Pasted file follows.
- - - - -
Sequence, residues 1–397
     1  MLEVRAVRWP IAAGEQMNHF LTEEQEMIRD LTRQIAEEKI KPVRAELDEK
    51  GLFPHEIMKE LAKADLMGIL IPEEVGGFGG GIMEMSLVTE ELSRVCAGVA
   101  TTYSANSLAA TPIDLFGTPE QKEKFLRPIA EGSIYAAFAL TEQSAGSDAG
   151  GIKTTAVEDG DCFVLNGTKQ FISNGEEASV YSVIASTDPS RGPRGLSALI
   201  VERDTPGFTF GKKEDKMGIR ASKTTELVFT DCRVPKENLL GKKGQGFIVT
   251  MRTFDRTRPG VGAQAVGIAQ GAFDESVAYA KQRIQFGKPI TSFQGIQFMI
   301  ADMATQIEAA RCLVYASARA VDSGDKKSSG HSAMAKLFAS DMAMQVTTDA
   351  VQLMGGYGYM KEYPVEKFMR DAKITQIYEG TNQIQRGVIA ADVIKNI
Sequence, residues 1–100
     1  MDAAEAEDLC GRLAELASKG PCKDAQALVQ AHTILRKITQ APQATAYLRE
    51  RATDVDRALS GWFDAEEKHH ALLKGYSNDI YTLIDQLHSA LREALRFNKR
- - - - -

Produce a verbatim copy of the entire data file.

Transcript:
Sequence, residues 1–397
     1  MLEVRAVRWP IAAGEQMNHF LTEEQEMIRD LTRQIAEEKI KPVRAELDEK
    51  GLFPHEIMKE LAKADLMGIL IPEEVGGFGG GIMEMSLVTE ELSRVCAGVA
   101  TTYSANSLAA TPIDLFGTPE QKEKFLRPIA EGSIYAAFAL TEQSAGSDAG
   151  GIKTTAVEDG DCFVLNGTKQ FISNGEEASV YSVIASTDPS RGPRGLSALI
   201  VERDTPGFTF GKKEDKMGIR ASKTTELVFT DCRVPKENLL GKKGQGFIVT
   251  MRTFDRTRPG VGAQAVGIAQ GAFDESVAYA KQRIQFGKPI TSFQGIQFMI
   301  ADMATQIEAA RCLVYASARA VDSGDKKSSG HSAMAKLFAS DMAMQVTTDA
   351  VQLMGGYGYM KEYPVEKFMR DAKITQIYEG TNQIQRGVIA ADVIKNI
Sequence, residues 1–100
     1  MDAAEAEDLC GRLAELASKG PCKDAQALVQ AHTILRKITQ APQATAYLRE
    51  RATDVDRALS GWFDAEEKHH ALLKGYSNDI YTLIDQLHSA LREALRFNKR